Earlier in this series, we noted that socially responsible investing is done on the basis of environmental, social, and governance (or ESG) criteria. Analysts look at the operations of a company from these three perspectives to evaluate its standing among its peers. Given their mandate, analysts use different strategies to invest in companies when making use of ESG criteria.
It’s important to note that a given issue cannot be strictly classified as either environmental, social, or governance-related. In the previous article, we looked into environmental issues. Let’s turn our attention to social issues.
Some issues considered under the social criterion when evaluating a company’s products and practices are:
- human rights
- human capital management
- work conditions (including child labor and forced labor)
- diversity and equal opportunities
- employee attraction and retention
- customer satisfaction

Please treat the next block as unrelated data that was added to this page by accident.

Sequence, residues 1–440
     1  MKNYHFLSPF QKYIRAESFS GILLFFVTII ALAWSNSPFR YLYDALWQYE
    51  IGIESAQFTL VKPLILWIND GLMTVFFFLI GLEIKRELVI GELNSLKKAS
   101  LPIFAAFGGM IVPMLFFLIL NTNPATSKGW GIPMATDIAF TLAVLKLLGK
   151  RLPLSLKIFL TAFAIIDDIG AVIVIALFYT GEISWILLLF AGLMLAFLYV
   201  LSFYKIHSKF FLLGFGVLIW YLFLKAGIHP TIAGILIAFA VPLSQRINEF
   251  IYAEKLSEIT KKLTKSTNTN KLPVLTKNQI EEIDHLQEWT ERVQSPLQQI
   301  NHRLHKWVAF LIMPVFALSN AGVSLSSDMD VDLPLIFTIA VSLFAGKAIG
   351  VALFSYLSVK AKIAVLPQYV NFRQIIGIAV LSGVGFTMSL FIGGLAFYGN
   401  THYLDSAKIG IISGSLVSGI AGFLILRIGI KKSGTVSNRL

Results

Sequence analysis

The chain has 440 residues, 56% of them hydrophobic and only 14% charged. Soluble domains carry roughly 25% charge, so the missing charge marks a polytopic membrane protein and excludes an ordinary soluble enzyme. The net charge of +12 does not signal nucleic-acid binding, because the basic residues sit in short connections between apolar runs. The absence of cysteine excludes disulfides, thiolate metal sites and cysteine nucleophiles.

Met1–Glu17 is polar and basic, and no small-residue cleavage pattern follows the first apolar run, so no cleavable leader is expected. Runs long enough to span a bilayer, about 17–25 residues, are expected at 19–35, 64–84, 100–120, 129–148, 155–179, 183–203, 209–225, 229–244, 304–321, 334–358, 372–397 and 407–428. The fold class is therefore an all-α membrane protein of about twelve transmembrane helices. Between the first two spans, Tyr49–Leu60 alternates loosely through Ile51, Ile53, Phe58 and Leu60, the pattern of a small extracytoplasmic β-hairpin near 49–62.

- product misselling
- product safety and liability
Some of the above social issues have been highlighted by the CFA Institute, while some others have been highlighted by the Principles for Responsible Investment.
Among examples of companies dealing with social issues are Apple (AAPL), which was blamed for its harsh assembly plant conditions in China in 2012. Also in 2012, Walmart (WMT) was blacklisted by a pension fund due to its poor labor practices. Meanwhile, The Gap (GPS) has come under scrutiny for child labor.
From social issues, let’s move on to the last of the ESG criteria: governance.